• Non controlling interests has also increased over the period of 9 years and is now at 2.1%


Horizontal Analysis

Horizontal analysis is a technique used to evaluate trends over time by computing percentage increases or decreases relative to a base year.It provides an analytical link between accounts calculated at different dates using currency with different purchasing powers. In effect, this analysis indexes the accounts and compares the evolution of these over time.
As with the vertical analysis methodology, issues will surface that need to be investigated and complemented with other financial analysis techniques. The focus is to look for symptoms of problems that can be diagnosed using additional techniques. Let’s look at an example.


Horizontal Analysis of Colgate’s Income Statement


We calculate the growth rate of each of the line items with respect to the previous year.
For example, to find growth rate of Net Sales of 2015, the formula is (Net Sales 2015 – Net Sales 2014) / Net Sales 2014
Horizontal Analysis - Income Statement Colgate

What can we interpret with Horizontal Analysis of Colgate Palmolive
  • The last two years Colgate has seen a dip in Net Sales figures. In 2015, Colgate saw a de-growth of -7.2% in 2015. Why?
  • Cost of Sales, however, has decreased (positive from company’s point of view). Why is this so?
  • Net Income decreased in the last three years, with as much as 36.5% delcine in 2015.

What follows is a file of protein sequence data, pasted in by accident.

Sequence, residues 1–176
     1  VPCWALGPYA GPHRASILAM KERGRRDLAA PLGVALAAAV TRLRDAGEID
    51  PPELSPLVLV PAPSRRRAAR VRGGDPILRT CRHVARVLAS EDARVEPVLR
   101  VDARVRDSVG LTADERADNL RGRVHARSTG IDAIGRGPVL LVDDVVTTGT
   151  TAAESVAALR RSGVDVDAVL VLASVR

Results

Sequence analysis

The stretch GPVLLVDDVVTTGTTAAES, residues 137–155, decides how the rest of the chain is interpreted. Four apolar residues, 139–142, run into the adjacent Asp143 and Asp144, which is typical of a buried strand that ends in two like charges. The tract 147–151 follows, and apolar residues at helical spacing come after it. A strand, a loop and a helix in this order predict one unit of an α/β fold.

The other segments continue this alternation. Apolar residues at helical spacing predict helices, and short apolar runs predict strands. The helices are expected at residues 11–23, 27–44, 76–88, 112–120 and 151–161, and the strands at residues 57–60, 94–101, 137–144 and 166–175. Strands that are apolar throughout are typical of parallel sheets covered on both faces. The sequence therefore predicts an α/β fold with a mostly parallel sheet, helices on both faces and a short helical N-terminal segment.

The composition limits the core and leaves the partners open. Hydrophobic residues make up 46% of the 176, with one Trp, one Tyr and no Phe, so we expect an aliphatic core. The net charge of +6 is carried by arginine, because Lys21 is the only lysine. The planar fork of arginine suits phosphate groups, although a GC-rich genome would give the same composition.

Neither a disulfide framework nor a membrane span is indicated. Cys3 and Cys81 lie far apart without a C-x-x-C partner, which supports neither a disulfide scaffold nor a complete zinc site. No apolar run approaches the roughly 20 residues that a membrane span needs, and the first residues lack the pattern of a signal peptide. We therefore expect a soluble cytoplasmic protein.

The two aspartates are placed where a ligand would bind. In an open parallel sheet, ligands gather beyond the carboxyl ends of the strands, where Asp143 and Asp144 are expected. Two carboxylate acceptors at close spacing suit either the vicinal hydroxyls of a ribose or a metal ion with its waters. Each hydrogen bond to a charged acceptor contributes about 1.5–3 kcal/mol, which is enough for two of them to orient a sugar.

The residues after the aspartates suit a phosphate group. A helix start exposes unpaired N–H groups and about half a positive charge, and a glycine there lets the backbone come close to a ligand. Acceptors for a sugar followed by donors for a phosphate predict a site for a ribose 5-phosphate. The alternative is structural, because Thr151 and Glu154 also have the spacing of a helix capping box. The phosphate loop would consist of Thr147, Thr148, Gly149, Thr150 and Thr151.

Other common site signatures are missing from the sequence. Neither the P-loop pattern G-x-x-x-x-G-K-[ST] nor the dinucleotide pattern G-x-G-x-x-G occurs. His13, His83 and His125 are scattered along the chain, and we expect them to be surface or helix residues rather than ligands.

Trend Analysis

Trend Analysis compare the overall growth of key financial statement line item over the years from the base case.

For example, in case of Colgate, we assume that 2007 is the base case and  analyze the performance in Sales and Net profit over the years.

  • We note that Sales has increased by only 16.3% over a period of 8 years (2008-2015).
  • We also note that the overall net profit has decreased by 20.3% over the 8 year period.

Trend Analysis - Colgate

Ratio Analysis

Ratio analysis is another tool that helps identify changes in a company’s financial situation. A single ratio is not sufficient to adequately judge the financial situation of the company. Several ratios must be analyzed together and compared with prior-year ratios, or even with other companies in the same industry. This comparative aspect of ratio analysis is extremely important in financial analysis. It is important to note that ratios are parameters and not precise or absolute measurements. Thus, ratios must be interpreted cautiously to avoid erroneous conclusions. An analyst should attempt to get behind the numbers, place them in their proper perspective and, if necessary, ask the right questions for further clarification.

Ratio Analysis Framework 2

Solvency Ratios

Solvency Ratios are primarily sub-categorized into two parts – Liquidity Ratios and Turnover Ratios. They are further sub-divided into 10 ratios as seen in the diagram below.

We will discuss each sub category one by one.

Solvency Ratios 2

Liquidity Ratios

Liquidity ratios measure how liquid the company’s assets are (how easily can the assets be converted into cash) as compared to its current liabilities. There are three common liquidity ratios